For the past few years, Rockshox has been focused on making marginal gains in internal performance. First there was the addition of the larger DebonAir negative air spring design. Then refinements to the surface treatments to reduce friction. Now, for MY2020 forks, they’ve tweaked the seals, grease, oil and Charger 2 damper system to make the forks smoother than ever. And with the changes to the compression and rebound damping, they claim to sit higher in the travel, handle bigger hits better, and recover more precisely. Which is a lot considering the outsides haven’t changed at all, other than stickers and paint. So let’s start there…

Rockshox Signature Series brings a new naming scheme…

my2020 rockshox pike ultimate trail fork with 120 to 160mm travel

Rockshox’s premium models are the SID, Pike, Lyrik and Boxxer, between them covering all travel ranges and use cases. For 2020, those four shall be known as the Rockshox “Signature Series”, helping identify them as top tier options above lower priced equivalents (Sector, Recon, Reba, Revelation, 35, etc).

Each model also gets new name rankings: Ultimate at the top with special paint and finish, then Select+, then Select. All in an effort to better differentiate the models with something other than damper-based naming schemes like RC/RT3/RC2. Those letters and numbers may be more descriptive, but they don’t immediately indicate which model is better. So…the names indicate the level of technology inside the forks, not the specific damper.

MY2020 rockshox lyrik ultimate enduro long travel single crown fork

Ultimate and Select forks will be available aftermarket, the former getting all the external controls and doodads, the latter getting basic low speed rebound and compression. Select+ is going to be mostly an OEM option. For rear shocks, it’s pretty much only Ultimate for aftermarket…more on those in this post.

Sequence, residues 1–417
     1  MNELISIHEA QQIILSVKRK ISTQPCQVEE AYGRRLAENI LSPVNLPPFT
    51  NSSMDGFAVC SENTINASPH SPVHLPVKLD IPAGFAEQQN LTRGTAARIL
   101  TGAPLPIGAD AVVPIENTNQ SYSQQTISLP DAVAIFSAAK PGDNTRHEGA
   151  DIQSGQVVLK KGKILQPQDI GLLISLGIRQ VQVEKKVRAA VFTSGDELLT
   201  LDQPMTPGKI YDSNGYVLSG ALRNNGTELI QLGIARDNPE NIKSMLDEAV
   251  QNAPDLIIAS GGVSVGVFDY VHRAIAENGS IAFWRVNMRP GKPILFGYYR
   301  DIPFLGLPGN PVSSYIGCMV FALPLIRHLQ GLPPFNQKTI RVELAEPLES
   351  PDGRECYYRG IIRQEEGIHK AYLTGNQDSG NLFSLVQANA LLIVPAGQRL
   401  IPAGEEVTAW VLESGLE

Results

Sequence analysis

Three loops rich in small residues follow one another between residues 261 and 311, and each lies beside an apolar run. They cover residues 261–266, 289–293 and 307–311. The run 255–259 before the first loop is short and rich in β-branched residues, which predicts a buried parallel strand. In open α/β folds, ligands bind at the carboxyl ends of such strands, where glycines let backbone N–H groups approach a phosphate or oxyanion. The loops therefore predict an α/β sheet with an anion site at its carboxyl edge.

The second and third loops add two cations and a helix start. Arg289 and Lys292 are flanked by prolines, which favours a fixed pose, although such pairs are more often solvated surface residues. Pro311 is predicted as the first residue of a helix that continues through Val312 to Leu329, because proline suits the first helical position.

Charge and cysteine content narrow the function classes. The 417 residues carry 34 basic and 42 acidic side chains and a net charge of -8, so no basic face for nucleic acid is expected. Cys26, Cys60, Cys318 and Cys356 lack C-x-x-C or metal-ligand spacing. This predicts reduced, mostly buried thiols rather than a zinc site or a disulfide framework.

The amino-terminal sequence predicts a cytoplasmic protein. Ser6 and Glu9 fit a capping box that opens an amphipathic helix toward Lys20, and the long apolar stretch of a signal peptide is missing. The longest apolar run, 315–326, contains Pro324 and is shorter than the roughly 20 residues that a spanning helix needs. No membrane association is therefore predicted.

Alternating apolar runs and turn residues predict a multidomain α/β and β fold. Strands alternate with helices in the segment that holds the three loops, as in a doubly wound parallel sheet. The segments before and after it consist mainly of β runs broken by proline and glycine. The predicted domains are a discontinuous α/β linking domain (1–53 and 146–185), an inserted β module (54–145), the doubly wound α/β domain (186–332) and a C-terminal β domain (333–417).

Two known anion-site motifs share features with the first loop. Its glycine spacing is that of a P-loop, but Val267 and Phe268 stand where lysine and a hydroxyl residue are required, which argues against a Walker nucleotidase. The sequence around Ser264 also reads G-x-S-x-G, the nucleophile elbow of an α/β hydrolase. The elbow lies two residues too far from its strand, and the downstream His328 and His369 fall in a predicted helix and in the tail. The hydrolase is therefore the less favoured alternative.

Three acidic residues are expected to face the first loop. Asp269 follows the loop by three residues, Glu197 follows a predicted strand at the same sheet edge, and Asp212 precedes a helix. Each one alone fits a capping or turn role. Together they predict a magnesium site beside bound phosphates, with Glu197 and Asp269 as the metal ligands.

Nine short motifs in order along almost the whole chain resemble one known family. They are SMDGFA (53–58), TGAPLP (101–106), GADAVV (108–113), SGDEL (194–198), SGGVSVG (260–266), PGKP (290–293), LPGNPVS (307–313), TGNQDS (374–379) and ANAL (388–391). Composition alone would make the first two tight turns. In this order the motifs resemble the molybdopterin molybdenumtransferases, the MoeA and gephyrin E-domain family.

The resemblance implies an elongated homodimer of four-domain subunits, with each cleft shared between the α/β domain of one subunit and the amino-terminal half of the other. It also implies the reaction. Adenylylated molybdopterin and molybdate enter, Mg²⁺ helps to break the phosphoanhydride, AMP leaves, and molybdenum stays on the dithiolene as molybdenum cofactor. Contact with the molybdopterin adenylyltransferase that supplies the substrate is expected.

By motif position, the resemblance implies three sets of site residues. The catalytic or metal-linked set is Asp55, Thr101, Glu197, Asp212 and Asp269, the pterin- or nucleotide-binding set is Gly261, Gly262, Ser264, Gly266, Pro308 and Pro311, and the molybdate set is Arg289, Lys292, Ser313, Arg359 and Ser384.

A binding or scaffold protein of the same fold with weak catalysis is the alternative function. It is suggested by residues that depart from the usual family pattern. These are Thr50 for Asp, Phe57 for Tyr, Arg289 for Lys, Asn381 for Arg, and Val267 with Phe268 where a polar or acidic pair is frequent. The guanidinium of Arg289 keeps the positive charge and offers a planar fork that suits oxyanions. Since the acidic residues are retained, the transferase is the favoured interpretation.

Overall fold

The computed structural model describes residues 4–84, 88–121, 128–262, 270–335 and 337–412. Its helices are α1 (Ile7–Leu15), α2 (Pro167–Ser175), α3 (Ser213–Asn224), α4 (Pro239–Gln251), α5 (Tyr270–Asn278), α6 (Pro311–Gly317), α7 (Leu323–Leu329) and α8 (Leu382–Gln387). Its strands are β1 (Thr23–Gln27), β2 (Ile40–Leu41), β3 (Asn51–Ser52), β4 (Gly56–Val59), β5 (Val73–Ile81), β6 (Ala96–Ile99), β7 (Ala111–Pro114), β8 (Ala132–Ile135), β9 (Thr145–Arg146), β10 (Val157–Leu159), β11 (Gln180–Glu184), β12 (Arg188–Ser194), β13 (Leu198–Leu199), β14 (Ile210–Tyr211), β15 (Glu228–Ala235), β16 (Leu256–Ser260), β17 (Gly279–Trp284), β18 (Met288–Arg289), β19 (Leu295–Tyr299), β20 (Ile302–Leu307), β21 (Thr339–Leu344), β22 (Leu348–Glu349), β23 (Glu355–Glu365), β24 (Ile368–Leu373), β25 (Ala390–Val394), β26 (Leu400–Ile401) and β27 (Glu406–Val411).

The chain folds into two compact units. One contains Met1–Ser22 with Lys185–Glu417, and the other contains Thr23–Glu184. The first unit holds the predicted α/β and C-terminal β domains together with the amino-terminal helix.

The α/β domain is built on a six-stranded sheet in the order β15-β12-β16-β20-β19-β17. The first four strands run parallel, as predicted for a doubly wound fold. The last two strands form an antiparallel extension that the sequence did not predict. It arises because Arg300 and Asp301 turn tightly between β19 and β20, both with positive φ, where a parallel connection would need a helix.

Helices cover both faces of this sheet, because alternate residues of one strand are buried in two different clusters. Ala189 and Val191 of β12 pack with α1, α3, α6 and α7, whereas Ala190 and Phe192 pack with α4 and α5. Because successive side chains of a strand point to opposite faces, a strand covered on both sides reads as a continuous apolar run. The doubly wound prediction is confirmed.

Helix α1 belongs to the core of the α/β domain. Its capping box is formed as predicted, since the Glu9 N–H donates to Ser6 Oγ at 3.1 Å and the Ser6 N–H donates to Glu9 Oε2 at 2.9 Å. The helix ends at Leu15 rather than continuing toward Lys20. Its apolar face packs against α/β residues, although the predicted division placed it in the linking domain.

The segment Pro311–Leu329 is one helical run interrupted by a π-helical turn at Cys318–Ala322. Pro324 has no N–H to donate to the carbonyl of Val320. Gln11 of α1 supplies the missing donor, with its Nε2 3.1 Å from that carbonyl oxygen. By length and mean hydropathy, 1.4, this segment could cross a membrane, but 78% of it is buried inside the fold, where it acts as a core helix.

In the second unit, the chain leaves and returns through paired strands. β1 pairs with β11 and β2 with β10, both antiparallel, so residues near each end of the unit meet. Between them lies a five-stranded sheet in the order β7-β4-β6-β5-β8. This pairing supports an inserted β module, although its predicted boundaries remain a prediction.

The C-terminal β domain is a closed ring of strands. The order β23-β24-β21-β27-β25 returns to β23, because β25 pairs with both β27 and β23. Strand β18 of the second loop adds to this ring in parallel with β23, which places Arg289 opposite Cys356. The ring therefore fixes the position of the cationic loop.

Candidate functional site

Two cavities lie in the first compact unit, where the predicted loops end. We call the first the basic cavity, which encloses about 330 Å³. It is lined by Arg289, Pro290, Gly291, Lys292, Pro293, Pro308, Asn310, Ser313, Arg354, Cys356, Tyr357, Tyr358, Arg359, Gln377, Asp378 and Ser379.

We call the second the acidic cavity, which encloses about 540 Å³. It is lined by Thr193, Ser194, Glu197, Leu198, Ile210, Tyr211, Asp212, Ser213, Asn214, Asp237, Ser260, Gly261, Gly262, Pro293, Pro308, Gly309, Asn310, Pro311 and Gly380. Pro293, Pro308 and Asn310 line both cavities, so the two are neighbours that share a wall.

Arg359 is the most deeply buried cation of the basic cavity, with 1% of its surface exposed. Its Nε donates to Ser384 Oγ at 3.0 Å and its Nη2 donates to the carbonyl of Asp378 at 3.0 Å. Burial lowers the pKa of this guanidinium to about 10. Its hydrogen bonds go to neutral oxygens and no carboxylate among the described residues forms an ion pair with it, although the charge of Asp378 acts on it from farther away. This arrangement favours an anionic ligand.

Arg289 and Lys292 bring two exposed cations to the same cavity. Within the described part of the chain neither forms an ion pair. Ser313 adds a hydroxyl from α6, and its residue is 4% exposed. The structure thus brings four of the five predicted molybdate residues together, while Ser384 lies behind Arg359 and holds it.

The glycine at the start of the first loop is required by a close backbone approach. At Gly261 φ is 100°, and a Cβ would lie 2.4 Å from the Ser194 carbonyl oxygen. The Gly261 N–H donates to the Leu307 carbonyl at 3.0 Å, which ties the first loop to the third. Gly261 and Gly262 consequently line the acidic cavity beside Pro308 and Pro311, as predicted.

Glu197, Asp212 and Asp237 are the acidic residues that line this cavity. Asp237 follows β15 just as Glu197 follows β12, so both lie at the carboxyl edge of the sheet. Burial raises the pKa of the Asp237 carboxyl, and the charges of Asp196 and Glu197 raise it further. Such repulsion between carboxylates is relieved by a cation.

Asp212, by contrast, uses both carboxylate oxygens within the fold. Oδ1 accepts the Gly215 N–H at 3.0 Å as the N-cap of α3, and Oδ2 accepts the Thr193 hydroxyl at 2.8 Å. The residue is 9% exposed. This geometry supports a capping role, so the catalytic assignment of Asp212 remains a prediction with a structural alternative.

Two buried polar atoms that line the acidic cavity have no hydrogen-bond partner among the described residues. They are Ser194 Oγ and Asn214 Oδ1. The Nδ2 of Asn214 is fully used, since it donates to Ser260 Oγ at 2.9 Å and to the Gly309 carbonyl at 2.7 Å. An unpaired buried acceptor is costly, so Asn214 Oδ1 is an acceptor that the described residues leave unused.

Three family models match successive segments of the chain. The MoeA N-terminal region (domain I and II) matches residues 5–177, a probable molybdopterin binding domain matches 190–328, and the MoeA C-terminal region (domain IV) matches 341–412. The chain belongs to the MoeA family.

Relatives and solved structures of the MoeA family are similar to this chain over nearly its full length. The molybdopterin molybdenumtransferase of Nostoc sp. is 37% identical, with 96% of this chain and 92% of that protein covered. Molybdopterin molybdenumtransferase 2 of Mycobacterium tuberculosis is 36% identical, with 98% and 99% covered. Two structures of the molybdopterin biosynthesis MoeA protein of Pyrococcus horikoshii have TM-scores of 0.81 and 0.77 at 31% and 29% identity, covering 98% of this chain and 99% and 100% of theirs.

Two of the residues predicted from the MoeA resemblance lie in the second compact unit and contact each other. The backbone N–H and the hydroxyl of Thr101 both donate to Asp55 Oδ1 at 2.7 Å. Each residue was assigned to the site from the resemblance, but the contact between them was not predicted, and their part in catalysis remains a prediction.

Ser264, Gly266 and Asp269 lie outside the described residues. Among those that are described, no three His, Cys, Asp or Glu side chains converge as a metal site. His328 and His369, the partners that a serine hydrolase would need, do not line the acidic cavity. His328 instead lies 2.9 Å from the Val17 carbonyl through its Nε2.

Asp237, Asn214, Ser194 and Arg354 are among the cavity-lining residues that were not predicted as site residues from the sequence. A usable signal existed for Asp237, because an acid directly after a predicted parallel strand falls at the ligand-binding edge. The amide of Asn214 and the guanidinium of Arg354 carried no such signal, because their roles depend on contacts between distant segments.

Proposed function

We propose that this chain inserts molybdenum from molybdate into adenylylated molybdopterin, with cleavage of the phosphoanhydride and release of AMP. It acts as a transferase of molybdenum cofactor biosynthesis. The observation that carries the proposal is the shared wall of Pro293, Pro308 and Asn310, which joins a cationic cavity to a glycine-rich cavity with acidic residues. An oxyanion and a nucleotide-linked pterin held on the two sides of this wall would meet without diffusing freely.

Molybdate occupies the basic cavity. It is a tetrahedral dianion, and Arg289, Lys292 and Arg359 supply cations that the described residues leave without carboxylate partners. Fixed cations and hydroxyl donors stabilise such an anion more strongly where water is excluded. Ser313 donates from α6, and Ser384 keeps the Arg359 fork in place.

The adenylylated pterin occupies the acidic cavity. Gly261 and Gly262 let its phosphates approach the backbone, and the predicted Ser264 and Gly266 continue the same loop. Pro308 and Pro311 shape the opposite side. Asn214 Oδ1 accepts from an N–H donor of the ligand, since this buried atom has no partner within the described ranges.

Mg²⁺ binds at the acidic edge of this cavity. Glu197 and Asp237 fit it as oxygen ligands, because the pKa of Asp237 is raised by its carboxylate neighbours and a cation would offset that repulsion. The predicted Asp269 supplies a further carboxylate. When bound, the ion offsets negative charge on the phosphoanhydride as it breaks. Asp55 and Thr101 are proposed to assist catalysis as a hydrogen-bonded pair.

MY2020 rockshox lyrik ultimate enduro long travel single crown fork

All Ultimate forks get model-specific signature colors (gloss blue for the SID, gloss silver for the Pike, gloss red for the Lyrik and Boxxer). There’s a new gloss piano black for all of them, too.

Select and Select+ still get some of the same colors, like a blue SID, but the Ultimates will get glossier, higher quality finishes. If you note their history, most of these signature colors go way back to these models’ original colors when they launched.

whats different about 2020 rockshox forks compared to 2019 models
Castings, crowns and setup guides are all the same as before, only the paint, stickers and insides are new. But there’s a lot to talk about there.

TL;DR – What’s the deal?

In a nutshell, the MY2020 Rockshox lineup upgrades their top-level forks in each travel category with drastically reduced friction so they move more smoothly. There’s also Charger 2.1, which is a heavily updated damper for the Pike, Lyrik and Boxxer that helps it stay higher in the travel, compress more smoothly and rebound with more control. The goal? Help those forks stick a landing and stay glued to the ground no matter how big the hit or drop. Oh, and to keep your hands and arms feeling fresh even on long descents. The SID sticks with a more XC-oriented damper that will offer a firmer climb/lockout setting. The lowers, stanchions, crown and steerer all carry over unchanged, which means all these new guts can be put into older forks when you want to upgrade.

New dust wiper seal on the left is slightly taller than the old one on right. Photo: SRAM

OK, I guess I’d like some details.

In 2018, they introduced updated forks and shocks with strategic materials improvements to reduce friction and make everything smoother, but they received some feedback that the ride was a little harsh. Or that the ride height under light compression needed to be improved. And they’re always still working to reduce friction further. So, they went back to the drawing board, armed with that feedback, to make a fork that wasn’t just smooth, but also performed the way modern riders wanted.

Maxima gave them a new, more slippery oil, a little of which is now added to the air chamber to lubricate that piston seal. Then SKF gave them new seals to reduced friction, using a design based off prototype tech from their moto racing program. Both delivered reduced stiction on their own, but combined it makes an immediately noticeable improvement. The better news? Both the oil and the seals will be available aftermarket and can retrofit to prior generation forks.

2020 rockshox forks get new skf seals that reduce friction like whats used on pro racing bikes
The gap and shape indicated by the orange lines is where they added space and changed the angles to reduce friction and surface contact on the stanchions.